Legislation on universal background checks remains overwhelmingly popular, while support has increased for having the CDC to study gun violence
Support for several – though by no means all – gun control measures has increased since last week’s shootings in Orlando, Florida. More than eight in ten in the latest Economist/YouGov Poll now favor criminal and mental background checks before guns can be purchased, two in three support a national gun registry, and for the first time in the poll half of the public would like the Centers for Disease Control to conduct research on gun violence.
Support for some of these measures was high in 2011, but dropped beginning in 2013. It has now risen again.
Although the Senate rejected increased background checks before gun purchases, mostly due to opposition from Republican Senators, this is a proposal on which there is only a small partisan difference. 89% of Democrats and 77% of Republicans favor expanding criminal and mental background checks to all gun purchases, including private sales and at gun shows.
By 54% to 37%, Republicans are also in favor of requiring gun owners to register their guns on a national registry. Two-thirds of Republicans now support a five-day waiting period. But the GOP and the Democrats part ways when it comes to the CDC conducting research on gun violence. Two-thirds of Democrats, but only a third of Republicans support that.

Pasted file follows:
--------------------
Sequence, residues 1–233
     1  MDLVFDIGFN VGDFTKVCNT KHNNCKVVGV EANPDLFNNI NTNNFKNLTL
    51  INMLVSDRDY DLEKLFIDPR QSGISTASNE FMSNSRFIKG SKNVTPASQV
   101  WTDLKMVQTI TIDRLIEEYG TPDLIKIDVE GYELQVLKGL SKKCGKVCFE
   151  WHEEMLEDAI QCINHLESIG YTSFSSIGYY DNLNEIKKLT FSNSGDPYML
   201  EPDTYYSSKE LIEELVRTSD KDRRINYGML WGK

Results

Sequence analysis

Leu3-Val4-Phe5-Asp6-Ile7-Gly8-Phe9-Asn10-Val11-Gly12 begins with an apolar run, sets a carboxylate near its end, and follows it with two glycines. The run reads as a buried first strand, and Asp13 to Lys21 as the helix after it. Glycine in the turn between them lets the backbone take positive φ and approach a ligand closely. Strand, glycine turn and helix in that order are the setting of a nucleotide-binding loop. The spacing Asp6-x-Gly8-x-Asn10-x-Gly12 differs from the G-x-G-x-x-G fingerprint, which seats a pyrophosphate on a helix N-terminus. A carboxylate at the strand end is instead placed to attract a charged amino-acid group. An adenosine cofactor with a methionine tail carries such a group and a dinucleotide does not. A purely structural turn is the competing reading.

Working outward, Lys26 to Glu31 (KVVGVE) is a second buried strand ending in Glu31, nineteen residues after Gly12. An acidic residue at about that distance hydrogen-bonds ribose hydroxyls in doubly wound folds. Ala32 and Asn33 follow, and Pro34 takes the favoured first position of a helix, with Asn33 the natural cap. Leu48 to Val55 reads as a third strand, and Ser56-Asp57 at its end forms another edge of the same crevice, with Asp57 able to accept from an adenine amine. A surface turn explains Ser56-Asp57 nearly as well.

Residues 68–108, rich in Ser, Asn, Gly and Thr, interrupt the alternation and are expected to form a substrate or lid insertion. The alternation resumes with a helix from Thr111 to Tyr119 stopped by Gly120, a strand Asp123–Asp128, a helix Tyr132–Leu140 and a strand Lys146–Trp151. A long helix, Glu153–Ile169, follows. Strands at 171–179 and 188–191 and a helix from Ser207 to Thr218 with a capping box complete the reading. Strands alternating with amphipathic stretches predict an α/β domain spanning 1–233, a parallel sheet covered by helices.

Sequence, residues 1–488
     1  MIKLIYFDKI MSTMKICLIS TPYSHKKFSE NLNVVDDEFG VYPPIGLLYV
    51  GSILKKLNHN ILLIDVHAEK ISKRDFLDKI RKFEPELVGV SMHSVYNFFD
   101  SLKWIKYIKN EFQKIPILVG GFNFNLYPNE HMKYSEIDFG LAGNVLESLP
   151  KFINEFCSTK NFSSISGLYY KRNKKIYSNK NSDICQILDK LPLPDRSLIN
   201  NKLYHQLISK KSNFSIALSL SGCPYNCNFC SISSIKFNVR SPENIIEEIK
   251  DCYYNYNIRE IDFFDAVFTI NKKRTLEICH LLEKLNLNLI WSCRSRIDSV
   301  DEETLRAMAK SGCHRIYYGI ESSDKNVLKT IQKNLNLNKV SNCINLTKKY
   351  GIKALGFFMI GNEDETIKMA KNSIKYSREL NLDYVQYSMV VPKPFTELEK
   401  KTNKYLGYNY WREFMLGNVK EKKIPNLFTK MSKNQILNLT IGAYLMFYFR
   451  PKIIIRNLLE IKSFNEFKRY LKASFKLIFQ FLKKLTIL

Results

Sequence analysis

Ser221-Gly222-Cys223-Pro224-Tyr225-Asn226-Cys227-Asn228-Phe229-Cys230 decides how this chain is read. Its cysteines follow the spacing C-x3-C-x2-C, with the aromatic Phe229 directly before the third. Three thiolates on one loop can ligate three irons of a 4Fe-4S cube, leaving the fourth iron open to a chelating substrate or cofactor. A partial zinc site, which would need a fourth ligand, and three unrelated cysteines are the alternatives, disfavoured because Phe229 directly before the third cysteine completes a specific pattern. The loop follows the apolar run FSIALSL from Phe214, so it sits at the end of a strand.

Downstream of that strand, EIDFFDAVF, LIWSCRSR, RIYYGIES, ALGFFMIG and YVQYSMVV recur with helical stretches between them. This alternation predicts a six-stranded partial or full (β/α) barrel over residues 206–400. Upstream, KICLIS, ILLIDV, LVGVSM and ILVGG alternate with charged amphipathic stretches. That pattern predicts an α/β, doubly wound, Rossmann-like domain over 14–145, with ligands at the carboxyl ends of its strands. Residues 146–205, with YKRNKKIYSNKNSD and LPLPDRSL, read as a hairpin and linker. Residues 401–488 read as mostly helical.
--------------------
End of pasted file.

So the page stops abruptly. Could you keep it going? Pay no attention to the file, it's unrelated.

Most other gun control measures show the parties divided. Majorities of Democrats support bans on assault rifles and semi-automatic weapons, as well as on clips that fire more than ten rounds. Most Republicans do not. And for Democrats, gun control in general is a more important issue than it is for Republicans. 72% of Democrats say the issue is very important to them, compared with 44% of Republicans. But when it comes to voting, it may be becoming more important.
Concern about terrorism also rose after the Orlando attacks. It is a more important issue for Republican voters than for Democratic ones.
One gun control measure rejected by the Senate merged the two concerns – preventing people on the terrorist watch list from buying guns. And on this question, both Republicans and Democrats say they approve.
That question made it clear that the prohibition would be enforced even if there were no way to challenge placement on the terrorism watch list. In principle, Americans would prefer that there be some sort of recourse given to those put on the list. For example, more than two-thirds say that anyone placed on the watch list should be able to defend themselves in a legal proceeding in order to get off the list. About half think anyone placed on the watch list should be told they are on this list, and even more want people notified when they are removed from the list. And on these questions too, Democrats and Republicans agree.
There isn’t a lot of happiness with how party leaders responded to the Orlando attacks. Americans marginally approve of President Obama’s response, marginally disapprove of presumptive Republican nominee Donald Trump’s reaction, and are divided when it comes to how the likely Democratic nominee, Hillary Clinton, reacted.
Economist/YouGov poll archives can be found here.